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(News Focus) AIIB launch to create new biz opportunities in construction, steel, IT sectors

All Headlines 11:30 June 29, 2015

By Lee Joon-seung

SEJONG, June 29 (Yonhap) -- The launch of a China-led infrastructure development bank is expected to create new business opportunities for South Korean companies in such areas as construction, iron and steel and information technology (IT) and promote region-wide growth, observers said Monday.

The Asian Infrastructure Investment Bank (AIIB), with 57 founding members, is expected to better meet the demand for investment in the rapidly growing region that is estimated at $730 billion annually until 2020. This is far higher than the average $236 billion invested annually in the regional infrastructure in the 2004-2013 period.

"If projected investment targets are met, this translates into a significant boost in work that is good news for South Korea, which will be the fifth-largest stakeholder in the AIIB," a local market watcher said. He pointed out that new opportunities will be appreciated in the iron and steel, construction and IT sectors, where South Korean companies enjoy global competitiveness. The potential for more work comes at a time when slower growth at home is making it harder for local companies to win large-scale projects.

More and more economists have said that the "new normal" for South Korea's economy is around 3 percent annual growth, down from higher numbers in the past.

The Beijing-based bank will start with an authorized capital of $100 billion, with South Korea to contribute $3.74 billion. The country will have a 3.81 percent stake in the bank, placing it after China, India, Russia and Germany. In percentage terms, Seoul's stake in the Asian Development Bank (ADB) is larger at 5.06 percent, although in that institution, South Korea is the eighth-largest stakeholder.

Choi Hee-nam, deputy minister of international affairs at the finance ministry, said that China has shown considerable energy in moving forward with future projects.

"Unlike other multilateral development banks (MDB) that take two to three years to authorize work, AIIB may be able to finance its first endeavor by the start of 2016," the senior official said.

He said that while more negotiations are needed, if South Korea secures a standing manager post by winning the backing of other countries, or takes one of the vice governor slots, its influence within the organization should increase, which would be good news for companies.

South Korean companies have said that China's ambitious plan to implement the so-called One Belt, One Road program to bolster connectivity among Eurasian countries by setting up 21st-century land and maritime "Silk Roads" can create considerable infrastructure work down the line.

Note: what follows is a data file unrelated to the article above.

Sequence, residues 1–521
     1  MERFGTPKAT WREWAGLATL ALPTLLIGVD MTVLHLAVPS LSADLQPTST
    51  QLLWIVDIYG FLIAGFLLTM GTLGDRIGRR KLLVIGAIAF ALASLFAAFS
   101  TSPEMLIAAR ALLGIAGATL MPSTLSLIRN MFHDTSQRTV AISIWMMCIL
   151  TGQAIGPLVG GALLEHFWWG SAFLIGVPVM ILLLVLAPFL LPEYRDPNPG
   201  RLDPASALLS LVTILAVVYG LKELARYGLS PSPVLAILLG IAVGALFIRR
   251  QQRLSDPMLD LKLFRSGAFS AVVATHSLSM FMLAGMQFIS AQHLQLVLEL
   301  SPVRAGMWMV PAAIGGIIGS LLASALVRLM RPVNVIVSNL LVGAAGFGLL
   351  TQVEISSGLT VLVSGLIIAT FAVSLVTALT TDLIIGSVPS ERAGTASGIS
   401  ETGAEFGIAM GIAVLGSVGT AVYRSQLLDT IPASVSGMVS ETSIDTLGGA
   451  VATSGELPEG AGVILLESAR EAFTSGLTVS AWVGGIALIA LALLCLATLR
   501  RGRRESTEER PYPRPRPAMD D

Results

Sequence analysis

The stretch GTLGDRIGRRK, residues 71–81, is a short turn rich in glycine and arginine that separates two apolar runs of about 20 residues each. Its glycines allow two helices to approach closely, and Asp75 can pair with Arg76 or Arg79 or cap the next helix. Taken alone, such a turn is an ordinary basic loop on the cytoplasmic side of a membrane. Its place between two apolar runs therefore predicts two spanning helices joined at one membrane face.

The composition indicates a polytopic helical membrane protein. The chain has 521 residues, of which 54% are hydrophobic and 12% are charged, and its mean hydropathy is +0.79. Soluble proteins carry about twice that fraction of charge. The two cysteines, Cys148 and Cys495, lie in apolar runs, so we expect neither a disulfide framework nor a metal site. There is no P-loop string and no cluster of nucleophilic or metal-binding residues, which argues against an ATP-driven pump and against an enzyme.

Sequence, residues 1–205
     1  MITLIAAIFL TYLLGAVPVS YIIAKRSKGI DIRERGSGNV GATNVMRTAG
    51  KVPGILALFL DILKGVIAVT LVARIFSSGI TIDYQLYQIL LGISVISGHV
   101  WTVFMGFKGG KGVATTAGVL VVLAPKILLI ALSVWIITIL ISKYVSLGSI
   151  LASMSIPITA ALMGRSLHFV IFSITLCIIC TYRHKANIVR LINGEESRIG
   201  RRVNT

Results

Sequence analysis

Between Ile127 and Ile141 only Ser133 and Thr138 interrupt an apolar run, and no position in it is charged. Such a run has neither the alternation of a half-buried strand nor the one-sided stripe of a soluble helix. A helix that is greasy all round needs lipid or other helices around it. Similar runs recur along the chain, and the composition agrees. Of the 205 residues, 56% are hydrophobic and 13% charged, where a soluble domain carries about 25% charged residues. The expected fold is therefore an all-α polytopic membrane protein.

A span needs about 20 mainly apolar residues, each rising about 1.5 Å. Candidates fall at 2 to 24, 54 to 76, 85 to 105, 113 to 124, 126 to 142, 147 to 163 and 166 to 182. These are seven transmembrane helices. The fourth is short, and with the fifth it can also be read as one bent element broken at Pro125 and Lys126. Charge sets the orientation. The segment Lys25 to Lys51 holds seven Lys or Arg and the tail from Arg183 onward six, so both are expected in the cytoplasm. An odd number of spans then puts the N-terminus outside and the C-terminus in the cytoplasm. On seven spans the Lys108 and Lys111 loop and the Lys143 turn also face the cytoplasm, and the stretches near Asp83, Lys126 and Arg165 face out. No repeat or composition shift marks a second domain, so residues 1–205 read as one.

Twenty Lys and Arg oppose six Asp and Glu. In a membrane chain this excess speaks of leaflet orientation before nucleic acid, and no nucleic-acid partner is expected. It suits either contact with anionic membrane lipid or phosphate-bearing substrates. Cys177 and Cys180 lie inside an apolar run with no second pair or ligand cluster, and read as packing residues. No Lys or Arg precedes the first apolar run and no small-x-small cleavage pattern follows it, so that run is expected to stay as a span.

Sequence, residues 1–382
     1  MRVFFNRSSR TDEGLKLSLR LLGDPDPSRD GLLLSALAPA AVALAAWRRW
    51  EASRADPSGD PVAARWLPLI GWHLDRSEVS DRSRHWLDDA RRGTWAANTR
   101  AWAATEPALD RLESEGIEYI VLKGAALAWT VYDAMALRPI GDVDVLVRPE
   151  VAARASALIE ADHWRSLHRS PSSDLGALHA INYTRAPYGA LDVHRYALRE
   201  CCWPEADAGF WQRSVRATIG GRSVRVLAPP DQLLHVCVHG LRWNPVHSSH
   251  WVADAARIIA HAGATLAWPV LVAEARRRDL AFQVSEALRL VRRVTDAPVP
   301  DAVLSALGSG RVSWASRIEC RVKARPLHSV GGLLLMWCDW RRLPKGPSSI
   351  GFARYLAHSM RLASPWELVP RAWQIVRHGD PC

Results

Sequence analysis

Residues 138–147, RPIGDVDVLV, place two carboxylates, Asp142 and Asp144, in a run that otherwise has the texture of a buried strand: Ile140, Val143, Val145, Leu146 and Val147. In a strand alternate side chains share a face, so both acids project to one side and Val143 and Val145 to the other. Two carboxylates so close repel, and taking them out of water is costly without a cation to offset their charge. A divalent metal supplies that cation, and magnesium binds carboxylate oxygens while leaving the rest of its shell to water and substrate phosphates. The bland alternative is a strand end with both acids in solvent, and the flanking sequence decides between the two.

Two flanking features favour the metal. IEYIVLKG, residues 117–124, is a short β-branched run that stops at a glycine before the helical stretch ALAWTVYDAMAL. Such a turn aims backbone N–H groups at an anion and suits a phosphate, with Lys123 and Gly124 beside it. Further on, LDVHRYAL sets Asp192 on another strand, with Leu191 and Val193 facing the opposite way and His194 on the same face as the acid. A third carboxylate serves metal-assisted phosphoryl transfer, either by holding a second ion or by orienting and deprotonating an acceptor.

Reflecting such burgeoning opportunities, South Korea's government has said it set up various task forces made up of policymakers and private sector experts to take full advantage of future opportunities.

China is South Korea's largest export market and a key destination for outbound investment.

South Korea-China relations have grown by leaps and bounds in the past few years with the official signing of a free trade agreement, and the announcement by both sides that two-way ties have now become a "strategic" partnership. South Korea has also become, within a short period of time, a leading overseas center for China yuan trading, after it won a renminbi-qualified foreign institutional investor quota late last year.

Besides pure infrastructure work, the AIIB is expected to support its various projects by providing financial and guarantee services as well as technical assistance. Such services can offer business opportunities to local firms in these areas down the line.

Another way that the AIIB's launch can benefit South Korea and the Korean Peninsula as a whole is by investing money into projects supporting North Korea, and nudging the communist country to become a more responsible member of the international community.

"Although the AIIB is mainly tasked with infrastructure building among its member states, it can technically invest in projects in North Korea if there is extensive understanding," said a government official, who declined to be identified.

North Korea, which is not part of the ADB or International Bank for Reconstruction and Development, was barred from joining the AIIB even though reports indicated it showed interest in doing so.

The official pointed out that countries that are members of the Greater Tumen Initiative (GTI) are all AIIB members. South Korea, China, Russia and Mongolia set up the GTI to develop the part of Northeast Asia that encompasses parts of China, Russia and North Korea.

"If the AIIB provides funding for roads, railways and other infrastructure work, it would be natural for South Korean companies to play a role," the official said.

This view was echoed by Sejong University China trade professor Lee Moon-ki, who said that the AIIB can be used to push North Korea to carry out reforms and change.


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